Understanding the Circle of Fifths | Fort Lauderdale Guitar Lessons


The Circle of Fifths: a great practice tool

If you’re like many guitar students, you may have heard about the Circle of Fifths–but have been afraid to ask!  Yet, the Circle of Fifths doesn’t have to be complicated, or difficult.  In fact, it is easy to learn, and is actually one of the most powerful tools available to improve your music theory knowledge, train your ear, and improve your technique.  In this article, I will show you the same techniques for learning this valuable practice tool that I teach my students in my private FORT LAUDERDALE GUITAR LESSONS.The simplest way to create a Circle of Fifths is to draw a circle, marking it off in 12 points, like a clock.  Put “C” at the 12 o’clock position, and then think about the notes of the C Major scale: C, D, E, F, G, A, B and then C again.  The fifth note of the C Major scale is G, so let’s put G in the 1 o’clock spot.  Now, using the G Major scale, figure out the fifth note (which is D) and use that in the 2 o’clock position, and so on …. In the end you will have a chart that looks like this:

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Just as a clock has 12 hours, Western music has just 12 notes — and no matter where you start on this clock, and no matter what direction you go, if you go around the clock once, you will cover ALL TWELVE NOTES!

Pay attention: when you get to the bottom of the circle, there are a few options for naming the notes in the 5 (B or Cb, 6 (F# or Gb) and 7 (Db or C#) o’clock positions.  Normally, at 6 o’clock, you will switch from F# to Gb, for reasons that should become crystal clear in a few moments.

FORT LAUDERDALE GUITAR teacher: how to learn key signatures 

Once you complete your circle, please consider your major scales and major keys. Starting at “noon” above, the notes of C Major have no flats and no sharps; at 1 o’clock, the key of G Major has one sharp (F#); in D Major, there are two sharps (F# and C#), etc., leaving us with: 

C – 0 sharps

G – 1 sharp

D – 2 sharps

A – 3 sharps

E – 4 sharps

B – 5 sharps

F# – 6 sharps

C# – 7 sharps

Meanwhile, if you take the circle counterclockwise, the F Major scale has one flat (Bb), the Bb Major scale has two flats (Bb and Eb), and so on: 

C – 0 flats

F – 1 flat

Bb – 2 flats

Eb – 3 flats

Ab – 4 flats

Db – 5 flats

Gb – 6 flats

Cb – 7 flats

It is generally-accepted practice to stop at just six accidentals (sharps or flats) … it’s just too difficult to write out!   Therefore, 6pm on our clock — F# / Gb — is the changeover point in the Circle of Fifths.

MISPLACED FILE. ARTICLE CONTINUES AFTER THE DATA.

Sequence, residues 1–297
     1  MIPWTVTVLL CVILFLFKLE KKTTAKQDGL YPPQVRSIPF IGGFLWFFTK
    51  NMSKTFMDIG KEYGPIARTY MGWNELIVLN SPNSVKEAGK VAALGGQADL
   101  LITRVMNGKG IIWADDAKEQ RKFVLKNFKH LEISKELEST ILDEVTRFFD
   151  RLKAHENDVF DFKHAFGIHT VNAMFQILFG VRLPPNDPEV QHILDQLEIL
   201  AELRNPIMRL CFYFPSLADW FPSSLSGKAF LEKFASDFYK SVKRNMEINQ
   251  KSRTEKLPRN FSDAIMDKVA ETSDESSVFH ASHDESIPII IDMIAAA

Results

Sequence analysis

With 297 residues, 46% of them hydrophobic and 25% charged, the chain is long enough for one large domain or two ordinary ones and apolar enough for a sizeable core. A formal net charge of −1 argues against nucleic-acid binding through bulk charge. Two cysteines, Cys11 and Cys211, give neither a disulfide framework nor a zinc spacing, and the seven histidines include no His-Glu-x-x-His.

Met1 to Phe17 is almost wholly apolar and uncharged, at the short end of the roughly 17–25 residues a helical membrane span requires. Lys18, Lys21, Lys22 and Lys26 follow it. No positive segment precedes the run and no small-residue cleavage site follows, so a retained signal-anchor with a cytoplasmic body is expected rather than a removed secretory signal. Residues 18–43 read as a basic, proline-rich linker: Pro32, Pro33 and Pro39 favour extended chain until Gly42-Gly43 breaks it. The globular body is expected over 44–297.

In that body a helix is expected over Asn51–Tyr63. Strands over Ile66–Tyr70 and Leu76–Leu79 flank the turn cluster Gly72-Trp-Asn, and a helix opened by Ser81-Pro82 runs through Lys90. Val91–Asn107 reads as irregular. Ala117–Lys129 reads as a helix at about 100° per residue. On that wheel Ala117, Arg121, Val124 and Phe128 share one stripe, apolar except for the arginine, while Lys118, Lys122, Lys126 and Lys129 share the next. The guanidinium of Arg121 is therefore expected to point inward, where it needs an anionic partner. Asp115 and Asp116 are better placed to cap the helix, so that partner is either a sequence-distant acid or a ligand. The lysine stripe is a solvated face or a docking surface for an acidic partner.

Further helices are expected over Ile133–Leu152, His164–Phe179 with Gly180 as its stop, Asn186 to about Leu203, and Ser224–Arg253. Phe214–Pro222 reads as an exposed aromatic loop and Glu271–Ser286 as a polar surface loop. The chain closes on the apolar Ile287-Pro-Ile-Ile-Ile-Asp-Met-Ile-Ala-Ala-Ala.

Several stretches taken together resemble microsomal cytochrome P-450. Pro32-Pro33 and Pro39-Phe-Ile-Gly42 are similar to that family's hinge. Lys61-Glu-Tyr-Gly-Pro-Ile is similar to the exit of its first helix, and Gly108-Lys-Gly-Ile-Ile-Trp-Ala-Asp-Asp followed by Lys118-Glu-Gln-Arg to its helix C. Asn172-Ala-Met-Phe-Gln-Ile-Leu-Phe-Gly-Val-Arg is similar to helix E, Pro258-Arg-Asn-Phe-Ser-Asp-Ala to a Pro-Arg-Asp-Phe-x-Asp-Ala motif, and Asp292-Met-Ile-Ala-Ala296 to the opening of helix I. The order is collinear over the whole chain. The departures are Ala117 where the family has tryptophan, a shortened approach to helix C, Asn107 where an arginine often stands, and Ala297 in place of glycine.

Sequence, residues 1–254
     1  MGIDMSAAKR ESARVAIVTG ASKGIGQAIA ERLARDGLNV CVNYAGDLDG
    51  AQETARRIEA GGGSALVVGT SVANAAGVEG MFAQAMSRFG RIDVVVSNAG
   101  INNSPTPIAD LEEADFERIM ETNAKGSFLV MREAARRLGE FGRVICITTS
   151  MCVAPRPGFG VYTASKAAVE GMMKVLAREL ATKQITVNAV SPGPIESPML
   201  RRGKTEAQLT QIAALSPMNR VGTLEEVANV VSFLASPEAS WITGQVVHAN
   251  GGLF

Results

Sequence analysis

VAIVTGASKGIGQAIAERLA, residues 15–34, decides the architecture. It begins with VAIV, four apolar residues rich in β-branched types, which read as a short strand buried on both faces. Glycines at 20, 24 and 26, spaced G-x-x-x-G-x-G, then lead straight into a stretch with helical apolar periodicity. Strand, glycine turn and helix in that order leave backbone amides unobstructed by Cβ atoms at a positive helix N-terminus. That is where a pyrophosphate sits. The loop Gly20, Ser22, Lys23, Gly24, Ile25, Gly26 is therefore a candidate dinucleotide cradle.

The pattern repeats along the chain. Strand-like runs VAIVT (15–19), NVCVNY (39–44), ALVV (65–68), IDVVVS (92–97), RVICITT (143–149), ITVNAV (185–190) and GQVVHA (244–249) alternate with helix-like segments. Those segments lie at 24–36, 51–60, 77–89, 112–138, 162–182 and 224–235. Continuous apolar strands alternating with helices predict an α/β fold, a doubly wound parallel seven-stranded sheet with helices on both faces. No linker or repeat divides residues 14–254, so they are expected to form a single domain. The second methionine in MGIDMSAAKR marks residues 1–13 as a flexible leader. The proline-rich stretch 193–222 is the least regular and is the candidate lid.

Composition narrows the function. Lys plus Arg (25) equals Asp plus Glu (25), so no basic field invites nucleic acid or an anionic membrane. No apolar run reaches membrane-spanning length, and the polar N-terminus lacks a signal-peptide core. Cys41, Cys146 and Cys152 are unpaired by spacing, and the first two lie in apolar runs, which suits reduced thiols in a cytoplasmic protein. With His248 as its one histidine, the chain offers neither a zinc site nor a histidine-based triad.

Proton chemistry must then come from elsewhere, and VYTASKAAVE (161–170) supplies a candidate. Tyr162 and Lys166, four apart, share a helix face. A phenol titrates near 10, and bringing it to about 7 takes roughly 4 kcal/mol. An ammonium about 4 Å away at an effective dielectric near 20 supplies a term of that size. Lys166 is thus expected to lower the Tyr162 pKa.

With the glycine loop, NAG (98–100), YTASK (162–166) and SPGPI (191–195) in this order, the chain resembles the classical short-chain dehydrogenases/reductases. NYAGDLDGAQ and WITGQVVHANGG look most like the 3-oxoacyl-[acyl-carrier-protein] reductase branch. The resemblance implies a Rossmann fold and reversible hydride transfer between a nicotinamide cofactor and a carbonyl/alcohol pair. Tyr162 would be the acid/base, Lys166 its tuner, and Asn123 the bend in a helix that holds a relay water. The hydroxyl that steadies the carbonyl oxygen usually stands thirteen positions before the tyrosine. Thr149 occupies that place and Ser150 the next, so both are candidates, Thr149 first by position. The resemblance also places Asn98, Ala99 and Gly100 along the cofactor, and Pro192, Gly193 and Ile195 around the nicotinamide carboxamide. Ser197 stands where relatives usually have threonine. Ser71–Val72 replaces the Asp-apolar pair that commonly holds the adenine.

Besides MEMORIZING this, I would suggest that you take the time to UNDERSTAND the theory behind the Circle of Fifths:

While you might think that (for example) the notes C & C#  (D flat) have more in common than C & G, this is just not true.   

The notes of the two scales are as follows: 

C major scale

C – D – E – F – G – A – B – C


Db major scale

Db – Eb – F – Gb – Ab – Bb – C – Db

There are just 2 notes in common … C & F!

However, in fact, adjacent notes on the Circle of Fifth have more in common; just consider C & G:

C major scale

C – D – E – F – G – A – B – C


G major scale

G – A – B – C – D – E – F# – G

There are just 7 notes in common … everything except F & F#!

In fact, if you go clockwise around the Circle of Fifths, you are just adding one sharp to each scale.  If you go counterclockwise around the Circle of Fifths, you are just adding one flat … it’s that simple!

FORT LAUDERDALE GUITAR TEACHER: learning your sharps & flats 

Now that you know the order of the key signatures, I will introduce a way of learning the order of the sharps.  

This mnemonic sentence shows the order of the sharps, around the circle: Father Charles Goes Down And Ends Battle.  

Not surprisingly, saying this sentence backwards will give you the order of the flats: Battle Ends And Down Goes Charles’ Father. 


Once you understand the theory behind the Circle of Fifths it has limitless possibilities for practicing.   You can practice C Major scale till you have it down cold–and then move up a fifth to G Major, and so on, going around the Circle of Fifths, until you use all 12 notes.  Or, you practice any number of arpeggios, exercises, or riffs–around the Circle of Fifths. 

The Circle of Fifths is an incredibly powerful tool; it is not just theory for theory’s sake!  Just having the image of the Circle in your mind’s eye should give you an image of how the different keys operate.   The Circle also helps you memorize the order of the sharps and flats, as well.  But more importantly, practicing a given scale or lick around the Circle will force you to learn different fingerings, improve your technique, improve your ear, and make you a better overall player!  

If you’re like many other guitar students you may have been putting off leaning the Circle of Fifths.  However, from teaching FORT LAUDERDALE GUITAR LESSONS and teaching 1-on-1 online, I have seen that learning the Circle of Fifths is one of the most powerful tools you can have in your musical arsenal. 

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Fort Lauderdale Guitar LessonsDyce Kimura offers Singing Lessons and Guitar Lessons to students in the Fort Lauderdale and Miami area. He also teaches students globally thru Skype. For more information call 7864573687. Also feel free to email Dyce at dyce@dycekimura.com.  Remember its always best to get advise from professional Fort Lauderdale guitar lessons.  For more information click here.